2. Many of my patients were told as children, by their parents, they inherited the parents’ “soft teeth” and they’ll be in dentures by the time they’re 30 years old, just like their parents. There is of course, no such thing as “soft teeth”. Instead of using this “information” to inform a decision to take extra care of their teeth, they usually don’t bother to take care of them at all, and sure enough, many of them end up in dentures by the time they are 30 years old. Ignorance and a lack of critical thinking and decision making skills are also passed from one generation to the next.

      If your foot was sore, would you cut it off and use a prosthetic instead? Dentures are a prosthetic. Anyone with dentures will tell you what a PITA they are. Ever see what someone looks like after 40 or 50 years of dentures? Their face looks collapsed because there’s almost no bone left to support the dentures. Bone starts resorbing the minute you take out the teeth, and doesn’t stop resorbing until you die.

        1. Me too, the teeth weren’t bothering me at all but the healing from the removal hurt like hell and took months to heal, gotta love modern medicine. (Did enjoy the codine though.)

  2. > If you were given a second shot at a set of teeth, would you treat them better than the first, or even worse because you can just grow new ones again?

    Having a safety net is nice, but not needing to use it it is much better.

  3. My dentist said this has already been done in humans, with stem cells, and that the process was abandoned before it was ever commercialized because it involved a great deal of pain. Teething isn’t something adults are prepared to deal with, apparently.

  4. ” Once those pearly whites are gone, they’re gone for good, and we don’t even have a way to regenerate the protective enamel.”

    And then there’s remineralizing Toothpaste with hydroxyapatite and xylitol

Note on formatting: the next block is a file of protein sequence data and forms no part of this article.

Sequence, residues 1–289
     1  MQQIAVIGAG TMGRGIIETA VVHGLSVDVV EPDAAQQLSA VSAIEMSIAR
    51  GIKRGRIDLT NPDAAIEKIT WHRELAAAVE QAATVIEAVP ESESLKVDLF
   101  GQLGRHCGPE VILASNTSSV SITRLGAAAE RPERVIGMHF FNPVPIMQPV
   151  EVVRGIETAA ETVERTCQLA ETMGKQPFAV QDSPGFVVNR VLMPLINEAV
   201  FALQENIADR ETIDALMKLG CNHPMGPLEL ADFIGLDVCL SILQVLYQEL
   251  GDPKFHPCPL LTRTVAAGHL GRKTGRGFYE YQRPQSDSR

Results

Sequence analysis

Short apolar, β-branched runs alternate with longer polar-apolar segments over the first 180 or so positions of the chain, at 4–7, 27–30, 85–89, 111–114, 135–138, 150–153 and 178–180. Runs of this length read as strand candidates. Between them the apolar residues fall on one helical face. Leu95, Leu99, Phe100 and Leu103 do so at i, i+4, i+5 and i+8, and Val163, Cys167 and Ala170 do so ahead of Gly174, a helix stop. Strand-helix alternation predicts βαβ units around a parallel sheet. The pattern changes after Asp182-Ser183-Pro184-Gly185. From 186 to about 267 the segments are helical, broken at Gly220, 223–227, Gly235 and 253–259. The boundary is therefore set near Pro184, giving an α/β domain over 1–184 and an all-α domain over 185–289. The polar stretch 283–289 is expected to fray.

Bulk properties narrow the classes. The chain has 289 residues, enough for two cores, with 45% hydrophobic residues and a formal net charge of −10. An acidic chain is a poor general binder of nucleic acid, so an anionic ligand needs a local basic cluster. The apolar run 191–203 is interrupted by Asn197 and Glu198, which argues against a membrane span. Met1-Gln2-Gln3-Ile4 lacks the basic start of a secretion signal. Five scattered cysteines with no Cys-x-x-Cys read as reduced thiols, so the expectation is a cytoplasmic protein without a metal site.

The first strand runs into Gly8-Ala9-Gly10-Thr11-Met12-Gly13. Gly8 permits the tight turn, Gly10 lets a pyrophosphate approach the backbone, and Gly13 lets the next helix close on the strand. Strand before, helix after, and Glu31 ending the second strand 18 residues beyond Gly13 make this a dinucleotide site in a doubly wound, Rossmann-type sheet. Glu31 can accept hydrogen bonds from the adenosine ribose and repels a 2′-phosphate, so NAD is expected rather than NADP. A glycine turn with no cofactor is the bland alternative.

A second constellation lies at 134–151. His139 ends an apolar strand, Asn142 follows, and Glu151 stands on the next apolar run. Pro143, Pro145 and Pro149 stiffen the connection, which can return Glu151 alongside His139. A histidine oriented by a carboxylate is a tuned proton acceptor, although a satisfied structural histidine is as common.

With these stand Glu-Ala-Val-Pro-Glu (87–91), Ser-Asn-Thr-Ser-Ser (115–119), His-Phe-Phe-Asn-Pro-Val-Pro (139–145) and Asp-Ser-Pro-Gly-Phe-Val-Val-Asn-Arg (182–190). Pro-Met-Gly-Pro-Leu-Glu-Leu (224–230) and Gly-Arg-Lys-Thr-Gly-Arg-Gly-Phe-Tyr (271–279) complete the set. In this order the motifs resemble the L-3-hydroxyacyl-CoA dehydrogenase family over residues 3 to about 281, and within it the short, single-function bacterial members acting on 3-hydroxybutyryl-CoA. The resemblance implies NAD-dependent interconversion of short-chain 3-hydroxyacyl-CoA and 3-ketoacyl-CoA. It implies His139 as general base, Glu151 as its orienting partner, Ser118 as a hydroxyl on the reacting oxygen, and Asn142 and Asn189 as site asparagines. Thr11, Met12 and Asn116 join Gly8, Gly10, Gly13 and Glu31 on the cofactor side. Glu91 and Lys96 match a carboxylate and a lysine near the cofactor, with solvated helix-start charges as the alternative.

5. So, uh… where’s the hack? The hobby project? Anything?

    Like, moderately interesting science, even if your description of monocolonial antibodies was mildly painful – but it’s not exactly in Hackaday’s field.

    1. Hackaday sometimes posts bioscience articles that could be relevant to the biohacking community someday. But that wasn’t explicitly stated in the article, so I agree that there was a disconnect between this article and the hack mentality that generally exists on this site.

  6. BMP is the problem with the genetic disorder fibrodysplasia ossificans progressiva. Bone growths happen in muscle tissue following the pattern of embryonic skeletal development. Eventually the ribcage muscles and diaphragm are affected, making it impossible to breathe. But wherever there’s an injury to soft tissue, bone will grow. If a person with FOP needs surgery, the scar tissue at any incisions will turn to bone.

    For a long time it wasn’t known what caused it but one person with FOP had a series of biopsies done as a growth developed. From the preserved and sliced tissue samples, FOP researchers discovered the culprit was white blood cells dumping BMP into the sites of almost any injury. AFAIK it’s still unknown how/why the progressive bone growth, absent injuries, follows the fetal development pattern.

    The DNA defect that causes FOP has been identified. It’s also confirmed that FOP is inheritable, with one man with FOP having all his kids (IIRC four of them) with FOP. So it appears to be a random mutation that’s also dominant inheritable.

    What gets me is since the problem is with white blood cells, why hasn’t a bone marrow transplant been tried to stop FOP? Nuke all the person’s marrow then inject the donor marrow into the bloodstream and it colonizes the spaces in the bones. It wouldn’t cure it being inheritable so if a transplant would halt it, a person with FOP should still never have children.

    But the fairly recent discovery that the lungs also make platelets and white blood cells. If the rogue white cells dumping BMP everywhere instead of being restricted to using it exclusively for repairing bone injuries are coming from the lungs, a double lung transplant would be a pretty severe treatment.

    Either way, done early enough, if stopped, then surgery to remove the bone growths would be possible.

    Several people ended up in much worse shape after surgery to remove growths before it was discovered they had FOP.

  7. In teeth that grow continuously, like the incisors of rodents, the opening remains large and these teeth are called open rooted teeth. Humans have 2 distinct sets of teeth. The first the milk teeth are replaced by the permanent teeth.
    Cannot see how this would work on closed rooted teeth?

    1. The article says “the treatment also worked in ferrets, whose teeth are much closer to human dentition than mice”, so that probably goes some way to address your comment. And they’re going to do the experiment with pigs and dogs, so that should confirm it.